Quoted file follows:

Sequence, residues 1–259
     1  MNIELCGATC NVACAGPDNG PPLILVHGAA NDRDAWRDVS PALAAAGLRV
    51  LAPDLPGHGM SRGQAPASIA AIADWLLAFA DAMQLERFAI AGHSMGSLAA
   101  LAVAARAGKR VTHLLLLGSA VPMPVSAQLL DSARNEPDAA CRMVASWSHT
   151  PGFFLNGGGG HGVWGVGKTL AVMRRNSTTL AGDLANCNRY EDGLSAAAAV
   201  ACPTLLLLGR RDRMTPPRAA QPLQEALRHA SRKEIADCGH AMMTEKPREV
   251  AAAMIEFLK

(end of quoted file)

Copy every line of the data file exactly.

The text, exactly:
Sequence, residues 1–259
     1  MNIELCGATC NVACAGPDNG PPLILVHGAA NDRDAWRDVS PALAAAGLRV
    51  LAPDLPGHGM SRGQAPASIA AIADWLLAFA DAMQLERFAI AGHSMGSLAA
   101  LAVAARAGKR VTHLLLLGSA VPMPVSAQLL DSARNEPDAA CRMVASWSHT
   151  PGFFLNGGGG HGVWGVGKTL AVMRRNSTTL AGDLANCNRY EDGLSAAAAV
   201  ACPTLLLLGR RDRMTPPRAA QPLQEALRHA SRKEIADCGH AMMTEKPREV
   251  AAAMIEFLK